Emily Crick: Dr of Indo-Pak cricket!

Updated: 21 November 2007 12:36 IST

Emily Crick, not Cricket is so fascinated by the gentleman's game that she will travel 4000 miles from England to Delhi to watch the first Test.

Emily Crick: Dr of Indo-Pak cricket!

Bristol:

There has already been much talk about how India-Pakistan series is lacking in intensity. But even so, perhaps nothing else in cricket quite compares to it.

So much so that the rivalry has even caught the fancy of a host of British fans. Its not the Barmy army but a single person who's barmy enough to want to travel thousands of miles to watch the contest.

Emily Crick, not Cricket is so fascinated by the gentleman's game that she will travel 4000 miles from England to Delhi to watch the first India-Pakistan Test match.

As far as form goes, she's obviously a traditionalist preferring the warring whites, but in complete contradiction to her English roots, Emily prefers the indo-Pak rivalry to the Ashes.

"Cricket in the subcontinent is much more passionate. All the people show their passion for cricket in much more exciting ways. In England, people love cricket but they are very reserved about it, very gentle, but I like the colours, the festival atmosphere, the chanting of music.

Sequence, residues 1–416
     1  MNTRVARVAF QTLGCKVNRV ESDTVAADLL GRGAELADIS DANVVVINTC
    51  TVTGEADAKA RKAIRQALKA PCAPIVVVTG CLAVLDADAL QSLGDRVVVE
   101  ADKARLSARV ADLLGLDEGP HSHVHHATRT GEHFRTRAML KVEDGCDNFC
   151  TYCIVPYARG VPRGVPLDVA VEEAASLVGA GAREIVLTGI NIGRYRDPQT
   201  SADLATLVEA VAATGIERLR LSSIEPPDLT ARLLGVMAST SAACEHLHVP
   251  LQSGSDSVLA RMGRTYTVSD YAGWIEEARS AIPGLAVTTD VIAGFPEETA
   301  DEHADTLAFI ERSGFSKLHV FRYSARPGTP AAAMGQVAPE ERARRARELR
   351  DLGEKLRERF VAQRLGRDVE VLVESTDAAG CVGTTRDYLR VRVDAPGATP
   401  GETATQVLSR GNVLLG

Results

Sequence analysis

"And the way they interact with England fans is great. They sing off against each other and I think that's fantastic, you don't get that in football, or other European sports," said Crick.

Emily has been a permanent fixture at the Indo-Pak games since 2004. Her love for the game extends beyond the boundary. The 34-year-old in fact is currently doing her PhD on Cricket Diplomacy between India and Pakistan.

"I looked at cricket diplomacy at different level - at a political level and also on a people to people level. At a political level India and Pakistan use cricket in different ways.

"India uses cricket as a form of sanction and Pakistan uses it as a form to engender meetings with India. At a people to people level, people of both countries love cricket and it is a way for both people to meet each other and for me I think that's a good thing," she said.

The gentleman's game of cricket may have originated in England but it is the colour and passion of the game in the subcontinent that connects this generation of Britishers like Emily to the game.





Topics : Cricket Sreesanth
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